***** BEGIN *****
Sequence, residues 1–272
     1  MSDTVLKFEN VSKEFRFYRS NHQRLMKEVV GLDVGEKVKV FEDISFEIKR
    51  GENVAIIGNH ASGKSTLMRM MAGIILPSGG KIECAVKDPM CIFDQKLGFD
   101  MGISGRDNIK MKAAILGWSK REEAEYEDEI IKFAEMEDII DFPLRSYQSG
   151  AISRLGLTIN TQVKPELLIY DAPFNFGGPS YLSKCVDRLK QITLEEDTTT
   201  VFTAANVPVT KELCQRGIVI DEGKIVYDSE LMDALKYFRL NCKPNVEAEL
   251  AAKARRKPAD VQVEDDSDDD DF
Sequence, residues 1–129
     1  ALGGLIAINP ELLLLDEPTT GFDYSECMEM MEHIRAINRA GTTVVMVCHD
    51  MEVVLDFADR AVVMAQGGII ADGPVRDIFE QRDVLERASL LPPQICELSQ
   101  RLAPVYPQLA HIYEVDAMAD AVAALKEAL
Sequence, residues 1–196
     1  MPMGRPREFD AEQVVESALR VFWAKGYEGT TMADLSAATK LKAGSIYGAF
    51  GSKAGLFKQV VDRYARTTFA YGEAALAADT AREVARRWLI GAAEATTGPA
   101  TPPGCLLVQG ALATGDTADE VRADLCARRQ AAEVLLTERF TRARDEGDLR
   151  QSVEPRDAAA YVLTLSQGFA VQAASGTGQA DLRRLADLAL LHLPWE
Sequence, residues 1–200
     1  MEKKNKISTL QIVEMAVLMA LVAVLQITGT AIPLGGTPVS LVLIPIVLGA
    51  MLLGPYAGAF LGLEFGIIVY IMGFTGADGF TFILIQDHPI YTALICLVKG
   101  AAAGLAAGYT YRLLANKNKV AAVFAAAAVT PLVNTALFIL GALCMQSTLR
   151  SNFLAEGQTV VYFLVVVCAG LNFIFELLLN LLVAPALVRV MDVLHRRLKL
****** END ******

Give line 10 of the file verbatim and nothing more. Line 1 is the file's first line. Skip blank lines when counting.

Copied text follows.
    51  MEVVLDFADR AVVMAQGGII ADGPVRDIFE QRDVLERASL LPPQICELSQ